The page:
A common support setup is 1:st, 2:nd and 3:d level support within incident management. Each level of support is eager to use available knowledge to minimize incident impact, and as soon as that is achieved, the incident is closed and statistics are reported. If not achieved, the incident will be escalated to the next level of support where the procedure is repeated. If we are good at "Shift left", the incidents will be solved early on and the truth might not be visible at the source of the fault. The weakness here is that if the "why" is not addressed, the source will be blind of the truth. If the source is crappy developer code or bad infrastructure design, this will continue to generate faults.
The effective handling of incidents is an operation concern. Why an incident occurred is a design concern and should be address as such. This painful truth must be available at the source of the fault in a valuable and actionable way. This does not mean that all incidents should be subject for problem management, oh no. But the incident reporting and statistics are equally important for both operations and development. How the incident statistics should be used differ though. Operations use it to improve handling; Development should use it to improve quality and prevention of incidents. A working feedback loop is the key to enable people to be aware of this truth.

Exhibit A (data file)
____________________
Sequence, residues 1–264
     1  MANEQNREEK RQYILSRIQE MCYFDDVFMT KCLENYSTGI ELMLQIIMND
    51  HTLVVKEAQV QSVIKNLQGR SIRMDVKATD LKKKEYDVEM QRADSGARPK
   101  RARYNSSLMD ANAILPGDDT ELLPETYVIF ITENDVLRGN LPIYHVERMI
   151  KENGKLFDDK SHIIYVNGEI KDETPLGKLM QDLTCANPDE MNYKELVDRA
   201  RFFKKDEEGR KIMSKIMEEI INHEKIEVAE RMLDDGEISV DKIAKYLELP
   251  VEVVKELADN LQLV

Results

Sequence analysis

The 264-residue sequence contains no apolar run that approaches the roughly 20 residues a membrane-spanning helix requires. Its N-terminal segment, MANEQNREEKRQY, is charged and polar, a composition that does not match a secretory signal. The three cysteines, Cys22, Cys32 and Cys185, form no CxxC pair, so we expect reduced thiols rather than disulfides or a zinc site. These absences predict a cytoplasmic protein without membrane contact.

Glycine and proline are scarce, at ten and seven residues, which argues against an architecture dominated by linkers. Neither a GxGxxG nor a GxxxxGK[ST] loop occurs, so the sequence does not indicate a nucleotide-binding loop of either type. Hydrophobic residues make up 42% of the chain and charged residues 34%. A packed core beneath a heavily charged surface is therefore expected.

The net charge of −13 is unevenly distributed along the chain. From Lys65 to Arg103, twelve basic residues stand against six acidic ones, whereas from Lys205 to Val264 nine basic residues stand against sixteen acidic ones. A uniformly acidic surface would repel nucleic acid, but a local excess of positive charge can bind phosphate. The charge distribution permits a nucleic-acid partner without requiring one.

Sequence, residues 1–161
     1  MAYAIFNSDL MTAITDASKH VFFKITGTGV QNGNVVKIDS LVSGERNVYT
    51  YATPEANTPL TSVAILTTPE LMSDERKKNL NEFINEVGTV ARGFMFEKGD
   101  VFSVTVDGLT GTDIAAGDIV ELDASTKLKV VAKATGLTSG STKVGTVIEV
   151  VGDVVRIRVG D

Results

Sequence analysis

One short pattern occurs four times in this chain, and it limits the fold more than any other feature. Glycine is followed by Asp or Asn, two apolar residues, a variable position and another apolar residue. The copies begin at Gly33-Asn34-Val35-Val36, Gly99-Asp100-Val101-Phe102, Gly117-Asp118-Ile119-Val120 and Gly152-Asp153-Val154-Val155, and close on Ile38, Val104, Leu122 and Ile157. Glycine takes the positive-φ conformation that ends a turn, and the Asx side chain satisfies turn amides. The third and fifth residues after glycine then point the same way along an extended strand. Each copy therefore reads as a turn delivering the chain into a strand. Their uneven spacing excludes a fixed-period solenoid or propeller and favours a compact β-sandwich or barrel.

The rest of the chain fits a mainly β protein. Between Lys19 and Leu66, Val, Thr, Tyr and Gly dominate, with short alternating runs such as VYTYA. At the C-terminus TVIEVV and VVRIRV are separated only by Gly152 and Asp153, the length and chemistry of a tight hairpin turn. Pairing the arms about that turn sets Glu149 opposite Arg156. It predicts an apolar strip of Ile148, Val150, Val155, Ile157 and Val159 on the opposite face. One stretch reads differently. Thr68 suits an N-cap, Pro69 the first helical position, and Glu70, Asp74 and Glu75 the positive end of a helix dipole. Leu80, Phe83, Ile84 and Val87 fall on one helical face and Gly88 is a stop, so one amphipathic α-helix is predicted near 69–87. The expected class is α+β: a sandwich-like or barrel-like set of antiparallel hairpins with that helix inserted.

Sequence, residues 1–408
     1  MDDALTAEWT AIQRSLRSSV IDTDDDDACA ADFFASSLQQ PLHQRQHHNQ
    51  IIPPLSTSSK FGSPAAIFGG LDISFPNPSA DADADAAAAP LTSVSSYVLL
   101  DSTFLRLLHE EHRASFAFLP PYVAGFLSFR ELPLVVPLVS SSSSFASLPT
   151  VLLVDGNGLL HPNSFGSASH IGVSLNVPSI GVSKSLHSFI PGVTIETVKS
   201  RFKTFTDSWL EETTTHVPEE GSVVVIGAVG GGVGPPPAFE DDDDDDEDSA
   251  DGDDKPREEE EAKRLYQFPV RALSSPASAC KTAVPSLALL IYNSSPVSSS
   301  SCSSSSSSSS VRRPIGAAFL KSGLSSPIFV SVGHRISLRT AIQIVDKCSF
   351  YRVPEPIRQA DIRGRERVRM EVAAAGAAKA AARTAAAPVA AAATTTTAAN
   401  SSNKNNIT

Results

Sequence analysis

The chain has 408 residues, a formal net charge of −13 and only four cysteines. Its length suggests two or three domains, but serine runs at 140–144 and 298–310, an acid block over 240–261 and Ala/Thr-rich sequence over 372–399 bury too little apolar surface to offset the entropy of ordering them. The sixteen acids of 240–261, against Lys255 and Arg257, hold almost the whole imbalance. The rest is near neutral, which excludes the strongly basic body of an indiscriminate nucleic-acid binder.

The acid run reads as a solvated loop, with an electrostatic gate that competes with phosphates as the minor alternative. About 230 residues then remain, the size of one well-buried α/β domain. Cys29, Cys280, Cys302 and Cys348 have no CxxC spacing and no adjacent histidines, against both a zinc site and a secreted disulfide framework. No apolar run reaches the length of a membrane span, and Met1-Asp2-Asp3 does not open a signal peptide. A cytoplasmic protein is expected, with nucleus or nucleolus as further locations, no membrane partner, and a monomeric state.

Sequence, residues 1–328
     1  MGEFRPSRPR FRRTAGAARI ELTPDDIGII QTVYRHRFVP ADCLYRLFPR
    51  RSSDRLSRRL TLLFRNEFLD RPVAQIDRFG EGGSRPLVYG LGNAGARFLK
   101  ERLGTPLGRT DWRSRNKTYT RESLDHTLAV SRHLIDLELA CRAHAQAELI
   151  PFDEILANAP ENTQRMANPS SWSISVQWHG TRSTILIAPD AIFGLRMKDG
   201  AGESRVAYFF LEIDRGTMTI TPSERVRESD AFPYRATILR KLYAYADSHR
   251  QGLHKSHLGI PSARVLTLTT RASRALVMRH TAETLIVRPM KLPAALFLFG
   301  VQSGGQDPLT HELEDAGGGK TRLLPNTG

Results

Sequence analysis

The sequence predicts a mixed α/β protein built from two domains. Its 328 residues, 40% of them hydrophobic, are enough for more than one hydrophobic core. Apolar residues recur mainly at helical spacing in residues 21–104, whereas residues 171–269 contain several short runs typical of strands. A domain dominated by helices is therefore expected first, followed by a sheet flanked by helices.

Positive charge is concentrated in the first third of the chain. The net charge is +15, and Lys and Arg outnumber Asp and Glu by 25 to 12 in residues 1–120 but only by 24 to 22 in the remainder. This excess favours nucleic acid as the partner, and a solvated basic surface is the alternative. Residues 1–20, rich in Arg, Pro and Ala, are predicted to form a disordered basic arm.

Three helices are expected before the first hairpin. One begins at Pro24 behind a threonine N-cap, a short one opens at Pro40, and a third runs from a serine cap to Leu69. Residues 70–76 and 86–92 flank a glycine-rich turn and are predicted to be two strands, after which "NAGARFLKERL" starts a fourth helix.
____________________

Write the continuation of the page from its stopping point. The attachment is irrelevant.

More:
Done right, there is nothing wrong with 1:st, 2:nd and 3:d level support within incident management. There is nothing wrong with "shift left" either. The missing piece here is to assure that we accomplish information transparency of the truth all the way to the source. And of course, at the source it needs to be treated as valuable knowledge to improve.
We need processes that are designed to provide this valuable feedback and we need the information (truth) made available in a transparent way all the way at the source. Basically, stop protecting people from the truth, or you could say stop hiding it.